STEUBENVILLE - Jefferson County is just a signature and a zoning change away from landing upwards of 50 jobs to start with a California-based graphics and screen print company, while announcements are anticipated "in the near future" about two other companies locating at the industrial park, Progress Alliance Executive Director Ed Looman said Tuesday.
Looman told the Community Improvement Corp. and Progress Alliance Partners that all three deals are "getting closer" to fruition.
But before the deal with the still-unidentified graphics and screen print company can be finalized, Steubenville Council will have to rezone its intended site, a 7-acre property on Lover's Lane where the Rose by Clara's Catering are located, from medium-density residential to light industrial.
DEVELOPMENT UPDATE — Community Improvement Corp. President Bob Chapman, left, listened as Progress Alliance Executive Director Ed Looman on Tuesday updated members on the status of business recruitment efforts in Jefferson County.
-- Linda Harris
First reading of that ordinance was Tuesday; a public hearing is scheduled for Aug. 6, after which the third and final reading would be heard.
Looman said the project has been more than two years in the making.
"It has huge growth potential," he said. "It would start with between 50 and 75 people the first year; if everything goes as planned, it could go as high as 200 jobs or more. It's a good companyand obviously they want to be here. We've overcome a lot of challenges to get where we are now."
Looman said the paperwork for the graphics and screen print project was "signed on this end and shipped to him, contingent on the zoning change being approved," and credited the cooperation of local leaders in bringing the company to the Upper Ohio Valley.
Progress Alliance manages and markets the industrial park for the county commission.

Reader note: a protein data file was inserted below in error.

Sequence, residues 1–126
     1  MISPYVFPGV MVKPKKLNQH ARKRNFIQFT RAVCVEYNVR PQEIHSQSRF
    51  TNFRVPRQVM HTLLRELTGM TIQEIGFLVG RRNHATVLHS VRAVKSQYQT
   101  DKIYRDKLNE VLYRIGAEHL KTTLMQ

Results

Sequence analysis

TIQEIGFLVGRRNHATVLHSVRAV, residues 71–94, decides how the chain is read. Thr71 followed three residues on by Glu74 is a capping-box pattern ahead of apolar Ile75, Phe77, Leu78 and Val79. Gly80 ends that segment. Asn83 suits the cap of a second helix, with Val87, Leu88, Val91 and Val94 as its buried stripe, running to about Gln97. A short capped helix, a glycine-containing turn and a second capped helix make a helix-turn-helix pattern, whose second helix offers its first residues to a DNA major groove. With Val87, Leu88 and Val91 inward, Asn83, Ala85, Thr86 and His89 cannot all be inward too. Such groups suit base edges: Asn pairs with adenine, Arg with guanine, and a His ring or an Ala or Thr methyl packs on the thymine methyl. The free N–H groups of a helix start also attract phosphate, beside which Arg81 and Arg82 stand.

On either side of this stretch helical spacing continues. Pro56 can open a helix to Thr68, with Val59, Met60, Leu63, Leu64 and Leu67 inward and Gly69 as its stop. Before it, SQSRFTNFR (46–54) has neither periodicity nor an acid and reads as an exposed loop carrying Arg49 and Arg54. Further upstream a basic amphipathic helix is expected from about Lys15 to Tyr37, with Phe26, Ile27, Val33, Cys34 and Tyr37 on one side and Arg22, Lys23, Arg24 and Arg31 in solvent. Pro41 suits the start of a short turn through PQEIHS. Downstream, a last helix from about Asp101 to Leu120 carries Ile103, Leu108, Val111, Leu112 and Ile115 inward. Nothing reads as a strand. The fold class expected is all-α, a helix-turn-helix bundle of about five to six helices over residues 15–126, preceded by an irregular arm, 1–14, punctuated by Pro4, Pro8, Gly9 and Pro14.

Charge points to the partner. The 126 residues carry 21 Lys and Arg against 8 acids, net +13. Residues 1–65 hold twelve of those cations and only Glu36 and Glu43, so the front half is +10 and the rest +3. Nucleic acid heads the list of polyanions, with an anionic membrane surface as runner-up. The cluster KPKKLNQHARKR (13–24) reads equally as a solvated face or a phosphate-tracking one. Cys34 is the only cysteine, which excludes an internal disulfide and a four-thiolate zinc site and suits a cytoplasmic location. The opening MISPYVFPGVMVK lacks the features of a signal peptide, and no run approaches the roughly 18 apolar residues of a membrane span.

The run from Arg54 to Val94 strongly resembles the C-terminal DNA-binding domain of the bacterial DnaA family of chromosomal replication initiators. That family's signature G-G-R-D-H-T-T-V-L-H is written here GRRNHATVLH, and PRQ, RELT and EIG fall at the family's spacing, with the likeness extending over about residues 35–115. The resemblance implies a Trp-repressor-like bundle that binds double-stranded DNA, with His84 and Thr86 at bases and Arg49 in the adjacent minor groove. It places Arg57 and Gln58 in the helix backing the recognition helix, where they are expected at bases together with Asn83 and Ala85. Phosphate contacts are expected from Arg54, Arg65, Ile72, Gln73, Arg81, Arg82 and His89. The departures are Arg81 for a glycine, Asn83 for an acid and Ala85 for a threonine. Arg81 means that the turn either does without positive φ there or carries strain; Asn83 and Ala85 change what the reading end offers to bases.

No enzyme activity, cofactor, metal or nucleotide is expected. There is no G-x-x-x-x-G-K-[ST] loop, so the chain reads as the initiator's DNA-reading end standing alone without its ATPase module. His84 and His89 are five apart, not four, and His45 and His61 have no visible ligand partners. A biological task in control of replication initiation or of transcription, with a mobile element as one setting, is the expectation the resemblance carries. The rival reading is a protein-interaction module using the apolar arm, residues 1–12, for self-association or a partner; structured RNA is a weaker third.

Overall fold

"I think it's a huge deal, but it also brings diversification," Looman told the group. "These are different kinds of jobs than we have here right now. Obviously, we're excited about the jobs (created) in the shale industry, but as it grows we can't forget that we need to diversify our employment base."
Looman, meanwhile, said he's hoping to be able to announce two new tenants at the Jefferson County Industrial Park "within the next couple weeks."
One of those prospects is in the shale industry, "the other is a company that's already doing some biz in the area but is expanding into the shale industry."
"We should be making those public in the near future," he said. "The remaining acreage, particularly the undeveloped acres, are starting to draw real interest from shale-related companies. Outside of the two deals we're working on now, we'll have about 36 acres left and the commissioners and I have been working closely to try and map out plans for developing additional acreage there, but there are a lot of needs - the road needs extended, the infrastructure needs extended."
But Looman said some companies have voiced interest in the property as is.
"What we have in the hopper could be huge for us," he said. "Companies are interested in that land even though it's not what you'd call shovel ready. They would step up and buy the land and develop their own infrastructure. It'd be a real win for the county if we could sell that land, create jobs and not have to worry about putting the proceeds of the sale back into infrastructure."
Tuesday's meetings were held at the Laurels, and its administrator, Melissa Ross-Merkel, told the Progress Alliance Partners the 98-bed skilled and intermediate care facility has about 95 employees.
In other action, the CIC board approved a three-year contract for Looman, with a 3 percent pay raise in the first year. The deal has a reopener clause "contingent on another evaluation and funding" after that first year.
Bill Lamatrice, a member of the Jefferson County Oil & Gas Committee and a former shale industry worker, talked about expectations for the shale industry, which he described as "in its infancy.
"We have to focus on doing the right things," he said, adding that ensuring the work force has the necessary training is critical.
"There's a good chance we can make a pretty good future (for Jefferson County), if we stay focused," he added.
(Harris can be reached at email@example.com.)